Right. So played through a second time, and 100% everything this go-around. Ended up liking the game a lot more than I did originally. For those on the fence, here’s how the game works:
Main story-Starts of with one branch to introduce everything, splits into three branches which you can do in any order, comes back together at the end. Similar to JC2.
Side stories-The first section of main missions also introduces three side characters. One trains the army. One needs help with his archeological work. One is filming a movie. They all have their side missions. The army ones are training missions for newbs. The archeological guy needs help solving physics puzzles with big stones (think Raiders of the Lost Ark) and having to get them on pads. He also has 12 hidden statues around the island he needs found, but they’re not a part of a ‘mission’. The movie person has essentially checkpoint races for you. The points you earn from those missions unlock upgrades to the grapple based on who gave you the mission (there are three functions that the grapples uses, all introduced by these guys), but you don’t need any of them to complete the game (in fact, while two of them were nice, I never used the third function other than when it was introduced).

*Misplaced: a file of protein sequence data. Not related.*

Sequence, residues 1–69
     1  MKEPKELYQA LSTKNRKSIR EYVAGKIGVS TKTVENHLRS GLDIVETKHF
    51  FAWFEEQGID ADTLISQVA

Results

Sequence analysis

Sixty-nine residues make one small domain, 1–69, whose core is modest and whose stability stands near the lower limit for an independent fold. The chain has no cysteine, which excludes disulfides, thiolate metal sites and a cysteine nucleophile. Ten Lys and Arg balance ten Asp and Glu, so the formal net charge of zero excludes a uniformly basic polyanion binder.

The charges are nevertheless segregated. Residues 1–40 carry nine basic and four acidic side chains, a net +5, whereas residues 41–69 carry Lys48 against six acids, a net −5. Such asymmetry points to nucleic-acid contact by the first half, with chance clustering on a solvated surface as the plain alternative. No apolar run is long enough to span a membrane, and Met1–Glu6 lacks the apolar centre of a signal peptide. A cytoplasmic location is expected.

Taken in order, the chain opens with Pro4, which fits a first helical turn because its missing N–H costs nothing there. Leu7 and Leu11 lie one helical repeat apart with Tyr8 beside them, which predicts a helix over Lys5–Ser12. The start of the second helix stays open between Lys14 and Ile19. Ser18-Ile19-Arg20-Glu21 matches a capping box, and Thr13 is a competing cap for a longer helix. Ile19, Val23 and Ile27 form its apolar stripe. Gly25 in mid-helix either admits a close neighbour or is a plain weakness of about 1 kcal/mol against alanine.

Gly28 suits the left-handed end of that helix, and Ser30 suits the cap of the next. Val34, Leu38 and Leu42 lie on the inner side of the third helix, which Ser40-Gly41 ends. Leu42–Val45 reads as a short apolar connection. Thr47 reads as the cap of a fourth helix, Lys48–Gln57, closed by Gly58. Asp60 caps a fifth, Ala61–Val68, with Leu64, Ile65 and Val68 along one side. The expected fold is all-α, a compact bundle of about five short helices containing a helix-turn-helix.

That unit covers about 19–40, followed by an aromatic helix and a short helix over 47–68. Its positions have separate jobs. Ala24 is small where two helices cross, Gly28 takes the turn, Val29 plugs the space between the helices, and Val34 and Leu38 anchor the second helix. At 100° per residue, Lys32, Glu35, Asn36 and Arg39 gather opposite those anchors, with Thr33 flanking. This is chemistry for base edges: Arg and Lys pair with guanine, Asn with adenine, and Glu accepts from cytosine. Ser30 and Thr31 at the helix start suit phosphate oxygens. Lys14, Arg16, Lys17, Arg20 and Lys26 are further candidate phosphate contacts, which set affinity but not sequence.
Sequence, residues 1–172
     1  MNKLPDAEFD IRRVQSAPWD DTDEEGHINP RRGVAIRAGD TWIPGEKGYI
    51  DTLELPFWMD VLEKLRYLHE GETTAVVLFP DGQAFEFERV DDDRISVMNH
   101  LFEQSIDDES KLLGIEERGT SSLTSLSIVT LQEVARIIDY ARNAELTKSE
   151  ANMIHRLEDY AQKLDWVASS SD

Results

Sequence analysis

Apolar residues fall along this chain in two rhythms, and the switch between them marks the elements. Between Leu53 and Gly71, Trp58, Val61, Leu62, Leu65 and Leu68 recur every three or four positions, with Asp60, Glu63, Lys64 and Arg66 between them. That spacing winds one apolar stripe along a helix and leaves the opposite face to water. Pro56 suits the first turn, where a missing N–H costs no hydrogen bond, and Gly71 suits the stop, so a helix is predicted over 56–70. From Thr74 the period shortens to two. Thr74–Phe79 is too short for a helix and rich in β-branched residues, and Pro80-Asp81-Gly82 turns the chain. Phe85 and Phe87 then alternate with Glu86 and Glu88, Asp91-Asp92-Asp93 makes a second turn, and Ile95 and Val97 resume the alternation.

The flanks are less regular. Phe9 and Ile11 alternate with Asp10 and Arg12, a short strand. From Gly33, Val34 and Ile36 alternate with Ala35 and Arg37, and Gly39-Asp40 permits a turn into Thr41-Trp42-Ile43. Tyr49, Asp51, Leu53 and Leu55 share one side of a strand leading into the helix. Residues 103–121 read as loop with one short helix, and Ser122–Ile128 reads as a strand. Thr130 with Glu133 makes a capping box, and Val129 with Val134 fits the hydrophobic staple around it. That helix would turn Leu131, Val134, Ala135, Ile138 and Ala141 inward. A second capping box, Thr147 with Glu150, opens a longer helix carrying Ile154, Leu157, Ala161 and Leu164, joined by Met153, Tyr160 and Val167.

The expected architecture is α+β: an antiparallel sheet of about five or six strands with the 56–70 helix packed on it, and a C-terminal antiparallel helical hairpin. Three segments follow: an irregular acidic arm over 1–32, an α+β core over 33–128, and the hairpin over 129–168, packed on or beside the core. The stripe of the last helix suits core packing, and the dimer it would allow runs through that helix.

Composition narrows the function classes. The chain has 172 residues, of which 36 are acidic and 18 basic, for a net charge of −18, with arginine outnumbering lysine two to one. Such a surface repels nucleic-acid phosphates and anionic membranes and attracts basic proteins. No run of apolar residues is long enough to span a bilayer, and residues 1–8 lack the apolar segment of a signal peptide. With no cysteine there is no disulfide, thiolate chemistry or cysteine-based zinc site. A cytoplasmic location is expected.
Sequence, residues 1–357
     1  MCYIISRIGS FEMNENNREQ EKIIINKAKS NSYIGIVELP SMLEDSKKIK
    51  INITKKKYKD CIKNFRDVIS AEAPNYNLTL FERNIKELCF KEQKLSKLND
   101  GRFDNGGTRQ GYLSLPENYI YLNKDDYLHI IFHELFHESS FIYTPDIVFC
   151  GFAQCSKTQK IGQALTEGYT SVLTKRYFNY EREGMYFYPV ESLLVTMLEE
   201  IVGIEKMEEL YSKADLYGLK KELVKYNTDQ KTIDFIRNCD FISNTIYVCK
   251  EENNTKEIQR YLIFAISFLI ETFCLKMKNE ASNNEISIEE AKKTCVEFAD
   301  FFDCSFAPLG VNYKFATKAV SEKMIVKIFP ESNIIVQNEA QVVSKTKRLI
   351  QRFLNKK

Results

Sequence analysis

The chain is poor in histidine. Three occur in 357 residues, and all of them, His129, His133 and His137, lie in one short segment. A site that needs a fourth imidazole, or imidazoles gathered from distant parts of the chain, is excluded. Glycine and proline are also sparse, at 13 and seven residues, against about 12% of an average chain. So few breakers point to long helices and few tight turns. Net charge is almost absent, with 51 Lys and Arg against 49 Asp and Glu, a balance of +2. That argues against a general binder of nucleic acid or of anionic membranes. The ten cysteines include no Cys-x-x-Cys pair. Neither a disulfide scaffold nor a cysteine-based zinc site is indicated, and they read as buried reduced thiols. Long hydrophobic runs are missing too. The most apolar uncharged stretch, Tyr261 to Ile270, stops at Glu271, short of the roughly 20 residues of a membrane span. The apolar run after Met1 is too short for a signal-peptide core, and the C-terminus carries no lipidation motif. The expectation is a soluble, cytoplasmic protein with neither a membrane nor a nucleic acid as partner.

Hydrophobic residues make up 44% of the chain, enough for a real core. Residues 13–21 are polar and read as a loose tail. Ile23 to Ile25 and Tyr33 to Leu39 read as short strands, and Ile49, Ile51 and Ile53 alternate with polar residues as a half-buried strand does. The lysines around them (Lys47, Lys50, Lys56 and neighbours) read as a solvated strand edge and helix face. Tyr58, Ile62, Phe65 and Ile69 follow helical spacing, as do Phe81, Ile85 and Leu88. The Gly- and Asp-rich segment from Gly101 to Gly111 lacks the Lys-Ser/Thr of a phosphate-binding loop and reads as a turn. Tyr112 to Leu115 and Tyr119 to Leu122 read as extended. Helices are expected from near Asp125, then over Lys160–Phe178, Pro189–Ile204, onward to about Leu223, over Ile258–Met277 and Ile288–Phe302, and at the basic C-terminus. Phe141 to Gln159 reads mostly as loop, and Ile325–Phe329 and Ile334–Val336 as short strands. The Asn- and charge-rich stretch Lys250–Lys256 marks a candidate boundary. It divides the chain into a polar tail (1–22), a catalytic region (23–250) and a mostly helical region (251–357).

You don’t 100% towns/cities/etc by blowing things up. You now have a given number of side activities to perform. You can shoot down surveillance airships (ie, blimps). You have speed stunts where you have to drive/pilot/etc a vehicle at/above a given speed through a ring. You have vehicle ‘stunts’ where you have to drive a specific vehicle (usually found nearby) through a ring. And you have wingsuit ‘challenges’ which are all the same in the sense that you have X number of seconds to get through 3 rings. It’s always 3 rings. No more, no less. There are never 4 rings, nor are there 2, except for when you proceed to 3. 5 rings is right out. Anyway, those challenges give you lesser amounts of points for two sets of upgrades above.
As for making main/side missions available, that’s where the maps/regions come in. You start off with a given number of ‘troops’, and you need a certain number of them to take over a region that neighbors one you already own (sometimes, a given front won’t be available for advance, so you need to take over a neighboring region). You earn more troops through chaos - destroying all the things just like the first game (base stuff, soldiers, vehicles, etc). You also get troops back if you advance with more troops than you need for a region. Also, most of the regions have a mission you need to complete first before you are allowed to advance (probably about 90/10 percent as to whether a mission is required or not).
That’s it. Hopefully that helps those of you on the fence at least understand the gameplay for the game. For me, I ended up liking it more than 3, but less than 2 - but if 100% towns were a mix of the side activities and chaos - I think it may have been great. Alas.